There are a handful of certainties in the
business world, and this is one of them: Nobody likes a price hike.
and service providers, rising prices for raw materials and overhead
are a source of constant pressure. These costs have to be passed on
to price-sensitive consumers, often in a highly competitive
environment. As the airlines are demonstrating, it can be a severe
But at some point,
prices have to rise and somebody has to face the music. And that
somebody has to be the consumer. We mean that in the imperative
sense: It has to be the consumer, rather than the employees, the
stockholders, the intermediaries or others in the value
From time to time,
one or more firms in that chain may have to suffer a loss and
inflict pain on its employees, shareholders or other stakeholders,
but eventually and over the long haul, every business has to make a
profit on the end-users' money or it goes out of
We are witnessing
in the travel business today a complex debate about GDS costs, but
the underlying story line is relatively simple: The airlines aren't
going to pay as much as they have paid in the past, but the
marketplace hasn't figured out who's going to pick up the
It is likely that
in the short term, the GDSs and agents will share some pain.
Ultimately, however, the bill has to be paid by the consumer, and
it will be.
this, but the airlines, GDSs and agents are so determined to make
it look like it's the other guy's fault that they have lost sight
of whatever common interests they may have.
consumers, meanwhile, are not simply sitting on their hands waiting
for the bill. They're agitating.
Not long ago, a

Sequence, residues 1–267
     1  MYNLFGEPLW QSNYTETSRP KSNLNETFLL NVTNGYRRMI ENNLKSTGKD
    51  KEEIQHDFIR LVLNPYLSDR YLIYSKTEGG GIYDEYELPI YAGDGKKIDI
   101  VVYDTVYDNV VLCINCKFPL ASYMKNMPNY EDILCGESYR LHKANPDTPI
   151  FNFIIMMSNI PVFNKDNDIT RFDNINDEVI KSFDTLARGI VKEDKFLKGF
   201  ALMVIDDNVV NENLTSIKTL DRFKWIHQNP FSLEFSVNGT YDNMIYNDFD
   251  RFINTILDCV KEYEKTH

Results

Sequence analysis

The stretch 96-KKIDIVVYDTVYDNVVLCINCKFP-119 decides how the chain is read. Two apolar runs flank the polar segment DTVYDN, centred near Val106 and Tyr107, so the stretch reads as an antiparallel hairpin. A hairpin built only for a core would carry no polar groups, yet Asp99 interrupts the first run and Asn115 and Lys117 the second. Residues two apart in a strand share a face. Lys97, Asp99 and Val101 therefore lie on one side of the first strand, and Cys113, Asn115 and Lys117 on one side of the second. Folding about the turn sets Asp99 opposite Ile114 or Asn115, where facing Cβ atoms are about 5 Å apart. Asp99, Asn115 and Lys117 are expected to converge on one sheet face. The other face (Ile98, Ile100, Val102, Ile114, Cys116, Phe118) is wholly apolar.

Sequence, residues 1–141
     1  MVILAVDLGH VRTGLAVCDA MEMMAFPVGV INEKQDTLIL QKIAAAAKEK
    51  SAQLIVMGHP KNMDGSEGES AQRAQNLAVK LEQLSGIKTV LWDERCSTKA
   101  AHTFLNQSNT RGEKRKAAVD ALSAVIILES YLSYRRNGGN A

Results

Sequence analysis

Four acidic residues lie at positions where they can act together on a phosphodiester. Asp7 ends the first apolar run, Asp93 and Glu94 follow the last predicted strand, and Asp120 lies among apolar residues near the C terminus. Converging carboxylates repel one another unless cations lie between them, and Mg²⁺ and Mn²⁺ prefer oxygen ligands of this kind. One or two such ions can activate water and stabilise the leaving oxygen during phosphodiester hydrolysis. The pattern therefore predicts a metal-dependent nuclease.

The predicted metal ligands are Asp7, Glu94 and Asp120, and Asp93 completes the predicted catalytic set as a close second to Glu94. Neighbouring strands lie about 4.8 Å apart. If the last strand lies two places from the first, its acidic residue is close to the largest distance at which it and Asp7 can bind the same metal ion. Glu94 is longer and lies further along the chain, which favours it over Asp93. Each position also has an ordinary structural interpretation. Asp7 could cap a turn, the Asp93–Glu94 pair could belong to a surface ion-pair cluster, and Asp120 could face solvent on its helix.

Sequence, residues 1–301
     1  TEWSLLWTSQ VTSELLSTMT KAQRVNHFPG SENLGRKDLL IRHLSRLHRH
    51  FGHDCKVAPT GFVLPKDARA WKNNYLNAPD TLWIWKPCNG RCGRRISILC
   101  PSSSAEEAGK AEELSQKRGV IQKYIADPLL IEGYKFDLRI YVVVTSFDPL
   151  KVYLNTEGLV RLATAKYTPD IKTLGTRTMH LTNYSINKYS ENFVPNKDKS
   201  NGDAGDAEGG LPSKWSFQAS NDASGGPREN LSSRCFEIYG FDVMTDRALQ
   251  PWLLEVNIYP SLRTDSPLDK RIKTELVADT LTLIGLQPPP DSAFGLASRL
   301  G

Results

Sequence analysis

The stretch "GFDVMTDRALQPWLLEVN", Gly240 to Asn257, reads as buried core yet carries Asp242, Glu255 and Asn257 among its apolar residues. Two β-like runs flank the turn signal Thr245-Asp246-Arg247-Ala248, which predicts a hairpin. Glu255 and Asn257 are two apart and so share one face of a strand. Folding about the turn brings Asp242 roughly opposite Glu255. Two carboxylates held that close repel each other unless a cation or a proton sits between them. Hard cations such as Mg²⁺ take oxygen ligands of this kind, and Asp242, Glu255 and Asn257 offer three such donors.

handful of corporate travel managers called on their professional
association, the National Business Travel Association, to enter the
fray and put up some resistance.
might wince at the notion of a trade association getting involved
in a debate about the prices people pay, but the incident
demonstrates the degree of unrest among big buyers of air
More recently, the
Business Travel Coalition produced another white paper that
essentially blames the airlines for the whole mess and calls upon
corporate travel managers to resist new fees and demand "full
We're not surprised
that nobody wants this price hike, but it's here and, somehow or
other, a good bit of it has to come out of the pockets of air
corporations have been the beneficiaries for decades of rebates,
kickbacks, discounts and revenue sharing from airlines, GDSs and
agents. Good for them.
But that was then.
Now it's time to face the music.
A foot in
international airline routes go, New York-London has to be regarded
as a crown jewel. It is one of the world's most highly traveled
international routes. Notwithstanding the latest terrorist threats,
the underlying value of the New York-London market is so high that
we were surprised that United decided to sell it to Delta for
If U.S. and EU
negotiators can create an open-skies environment, access to London
and to Heathrow might soon be less valuable than it was in 1991
when United paid $400 million to get into the market.
Until then, hats
off to Delta. Even though it won't have access to Heathrow, it has
finally realized a long-sought corporate aspiration.